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Well, with summer’s start tomorrow I know we’re all freaking out about getting ready for bathing suit season right? What, no? Ok, you’re right: bathing suit season is low on the list of things competing for space in my mind right now. This is the time of year, however, when the mainstream media like to post helpful tips and tricks for getting ready for the aforementioned “season” – and for women, that usually involves some kind of well-intentioned piece about how to whisk away “unwanted” hair.

That’s why I was amused (and sort of pleased) to see an article in the Toronto Star called “My First Brazilian Wax“. Written by Victoria Ptashnick, the article charts her first foray to the salon for a full Brazilian – ie. a wax after which very little is left to the imagination. Victoria doesn’t break any ground with her tale – it’s charming and funny and pretty much exactly what you would expect – but I did think it was refreshing to see a young woman opting out of what appears to be the dominant pubic-grooming practice of her age. In a video added to the site yesterday, Victoria answers reader questions about her article and experience. She is very clear about one thing: her future will not include intimate waxing.

Speaking of intimate procedures, I recently learned about “ball ironing”, sometimes known as “tightening the tackle” (apparently) in a brief article on an offshoot of the NY Magazine’s website called ‘The Cut’. According to the article, the thin testicular skin gets wrinkly and discoloured with age, so men can now pay good money (and lots of it) for a procedure that “involves using lasers to remove hair, erase wrinkles, and correct discoloration on the scrotum.” Will we ever run out of things to worry about?





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Bare Boys

A friend recently sent me a link to this great article that appeared recently on the Bitch Magazine website (don’t know Bitch Magazine? start here…)

The article is called “Isn’t He Lovely: Bare Down There And Everywhere Else,” by Cristen Conger.

The well written article is about the new hairlessness among young men. The author talks about the notion of a “sanitized ideal” for men that seems to be taking the mainstream by storm. As she writes:

We’re talking hair-free, sweat-free, odor-free; in other words, the same unrealistic standards peddled to women for so long, à la leg and underarm shaving. And like the hairless female ideal, it isn’t just the most visible fur that men are tending to these days; statistically, men groom their pubic hair more than any other type of body hair (sans beards).

Though I haven’t formally embraced looking at male body hair practices (I’d love to though… just give me time). The article does point out (and rightly so) that while the increased pressure for me to depilate is sort of disturbing (in the sense that any widely normalized, readily embraced mechanism of body control is), men don’t face nearly the same levels of stigma that women do should they decide NOT to embrace the practice.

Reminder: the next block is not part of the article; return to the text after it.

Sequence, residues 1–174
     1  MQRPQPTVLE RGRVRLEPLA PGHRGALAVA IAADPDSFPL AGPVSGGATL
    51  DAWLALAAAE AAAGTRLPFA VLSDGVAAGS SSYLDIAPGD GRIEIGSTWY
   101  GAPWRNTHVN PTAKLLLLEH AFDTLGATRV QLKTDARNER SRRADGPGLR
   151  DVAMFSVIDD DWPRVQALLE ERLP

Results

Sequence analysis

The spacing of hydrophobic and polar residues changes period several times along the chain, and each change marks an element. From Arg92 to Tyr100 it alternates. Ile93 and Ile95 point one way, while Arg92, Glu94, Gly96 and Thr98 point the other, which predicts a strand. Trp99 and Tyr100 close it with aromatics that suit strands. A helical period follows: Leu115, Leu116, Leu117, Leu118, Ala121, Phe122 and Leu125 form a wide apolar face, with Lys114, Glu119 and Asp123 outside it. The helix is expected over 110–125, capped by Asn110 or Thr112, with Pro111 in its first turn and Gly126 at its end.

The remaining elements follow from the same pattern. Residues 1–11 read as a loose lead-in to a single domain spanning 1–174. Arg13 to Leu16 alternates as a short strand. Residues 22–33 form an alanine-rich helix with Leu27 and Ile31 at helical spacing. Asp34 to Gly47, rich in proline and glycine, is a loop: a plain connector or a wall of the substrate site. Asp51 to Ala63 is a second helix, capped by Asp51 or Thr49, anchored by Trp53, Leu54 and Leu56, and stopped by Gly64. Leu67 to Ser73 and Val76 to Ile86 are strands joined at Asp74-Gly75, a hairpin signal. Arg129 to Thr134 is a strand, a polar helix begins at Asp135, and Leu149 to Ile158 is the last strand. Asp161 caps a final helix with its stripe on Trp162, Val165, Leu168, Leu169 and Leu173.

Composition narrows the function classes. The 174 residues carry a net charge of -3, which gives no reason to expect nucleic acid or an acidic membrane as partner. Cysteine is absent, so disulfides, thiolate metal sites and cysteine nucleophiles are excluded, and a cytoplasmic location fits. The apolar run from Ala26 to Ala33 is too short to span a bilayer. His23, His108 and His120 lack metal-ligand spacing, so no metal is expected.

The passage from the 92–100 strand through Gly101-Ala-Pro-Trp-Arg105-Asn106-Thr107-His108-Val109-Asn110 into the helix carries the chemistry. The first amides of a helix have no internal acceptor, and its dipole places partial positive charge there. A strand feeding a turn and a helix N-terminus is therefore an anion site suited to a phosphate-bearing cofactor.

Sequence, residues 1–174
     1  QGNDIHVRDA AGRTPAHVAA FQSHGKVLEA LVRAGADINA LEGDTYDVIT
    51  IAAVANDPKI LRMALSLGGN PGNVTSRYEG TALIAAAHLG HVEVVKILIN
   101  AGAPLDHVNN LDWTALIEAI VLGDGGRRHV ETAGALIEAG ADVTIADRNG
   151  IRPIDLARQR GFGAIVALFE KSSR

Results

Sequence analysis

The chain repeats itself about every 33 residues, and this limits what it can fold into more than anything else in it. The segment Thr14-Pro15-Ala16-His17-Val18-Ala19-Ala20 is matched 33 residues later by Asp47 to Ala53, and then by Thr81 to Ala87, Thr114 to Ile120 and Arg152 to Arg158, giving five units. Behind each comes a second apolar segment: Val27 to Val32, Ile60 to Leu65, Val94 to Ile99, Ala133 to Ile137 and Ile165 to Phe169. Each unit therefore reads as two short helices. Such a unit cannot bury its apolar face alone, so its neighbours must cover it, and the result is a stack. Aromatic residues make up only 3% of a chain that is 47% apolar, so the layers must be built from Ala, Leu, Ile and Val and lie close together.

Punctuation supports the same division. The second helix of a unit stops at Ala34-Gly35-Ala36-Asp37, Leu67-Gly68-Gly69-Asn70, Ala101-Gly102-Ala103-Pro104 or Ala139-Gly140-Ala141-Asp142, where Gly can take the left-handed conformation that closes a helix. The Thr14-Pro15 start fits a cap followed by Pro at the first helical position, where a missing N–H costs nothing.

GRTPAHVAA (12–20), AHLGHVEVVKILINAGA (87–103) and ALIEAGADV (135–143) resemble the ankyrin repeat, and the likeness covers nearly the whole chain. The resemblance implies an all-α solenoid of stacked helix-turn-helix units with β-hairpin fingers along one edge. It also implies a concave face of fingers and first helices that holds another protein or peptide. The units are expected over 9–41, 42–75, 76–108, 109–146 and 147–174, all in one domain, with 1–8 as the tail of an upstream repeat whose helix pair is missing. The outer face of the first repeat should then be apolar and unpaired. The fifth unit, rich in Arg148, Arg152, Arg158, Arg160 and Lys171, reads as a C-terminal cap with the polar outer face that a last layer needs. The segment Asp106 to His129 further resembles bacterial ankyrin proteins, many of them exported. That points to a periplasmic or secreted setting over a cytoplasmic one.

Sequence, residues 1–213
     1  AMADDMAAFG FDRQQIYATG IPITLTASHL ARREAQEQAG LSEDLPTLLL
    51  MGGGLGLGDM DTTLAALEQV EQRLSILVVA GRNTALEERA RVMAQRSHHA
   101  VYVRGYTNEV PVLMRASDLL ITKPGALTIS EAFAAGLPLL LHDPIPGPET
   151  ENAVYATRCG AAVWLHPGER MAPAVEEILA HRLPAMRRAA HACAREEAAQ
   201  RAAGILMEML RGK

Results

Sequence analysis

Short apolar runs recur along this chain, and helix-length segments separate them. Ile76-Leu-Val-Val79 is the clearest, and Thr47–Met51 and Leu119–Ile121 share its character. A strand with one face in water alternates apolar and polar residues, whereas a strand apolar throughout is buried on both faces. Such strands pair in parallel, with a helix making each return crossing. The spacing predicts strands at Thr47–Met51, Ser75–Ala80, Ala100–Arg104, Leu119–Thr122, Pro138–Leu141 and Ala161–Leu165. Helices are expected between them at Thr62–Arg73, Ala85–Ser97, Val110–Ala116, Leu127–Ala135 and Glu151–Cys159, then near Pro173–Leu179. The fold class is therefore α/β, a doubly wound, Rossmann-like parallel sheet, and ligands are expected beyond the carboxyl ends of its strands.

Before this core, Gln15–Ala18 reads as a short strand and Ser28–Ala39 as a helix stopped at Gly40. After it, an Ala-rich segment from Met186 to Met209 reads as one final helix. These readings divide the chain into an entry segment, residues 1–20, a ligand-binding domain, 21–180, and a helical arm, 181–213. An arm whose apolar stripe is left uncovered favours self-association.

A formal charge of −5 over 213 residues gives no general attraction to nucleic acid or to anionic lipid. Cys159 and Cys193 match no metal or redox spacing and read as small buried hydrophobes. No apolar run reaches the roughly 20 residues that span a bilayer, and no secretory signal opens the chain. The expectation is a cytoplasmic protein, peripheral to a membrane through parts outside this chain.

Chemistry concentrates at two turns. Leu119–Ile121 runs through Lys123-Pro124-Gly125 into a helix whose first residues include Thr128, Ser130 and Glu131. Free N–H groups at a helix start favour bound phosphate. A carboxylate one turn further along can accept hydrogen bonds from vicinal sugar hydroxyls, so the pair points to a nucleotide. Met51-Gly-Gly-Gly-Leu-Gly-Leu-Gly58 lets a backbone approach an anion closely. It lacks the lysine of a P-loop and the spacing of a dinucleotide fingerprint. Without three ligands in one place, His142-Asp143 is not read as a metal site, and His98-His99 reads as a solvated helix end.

And again, the article asks some of the same questions I have around women’s pubic hair grooming habits: will the trend persevere as men age and settle down, or like with women, is the trend very much a short lived practice tied in with youthful, commitment-free sexuality.

I remember one of the young women I interviewed telling me about one of her regular ‘hook up’ partners, and the fact that being hairless was, in a sense, part of the ritual:

“It’s definitely more appealing,” she told me. “There was this one guy.. we were hook up buddies, I guess. I invited him over, and he was like ‘oh, I just shaved for you,’ and I was like ‘oh, cool…oh, I just waxed too.’ It was like, I did this thing for you. It was a positive thing…you know what I mean?”

There must be something in the casualness of the hook-up that is balanced by the ritualized grooming practice: it seems to acknowledge that ‘I know that we have this meaningless, strings-free intimate relationship, but I still did my part before showing up’.

You know what I mean?



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Those of you who are new to this blog may not be familiar with the series of drawings that Toronto-based artist Julie Voyce has been doing especially for The Last Triangle. She’s finding her inspiration in what she reads here, and then lets her imagination roam, coming up with ideas and images that push boundaries.

I haven’t posted one of Julie’s images for some time now, but I am very pleased that I am able to feature one today.

In creating this image, Julie says she was inspired by something I wrote about virgin waxing — and her imagining what it would be like if all the kids who got virgin waxes as kids grew up to realize they wanted to re-embrace their body hair after all.

Julie writes:

Here it is! The Future! Newly Created Consumer Demand!

It is the year 2035. Millions of little girls were given the virgin wax treatment, and as they grew up, they found they really wanted to have pubic hair!

They became angry because they weren’t given a choice!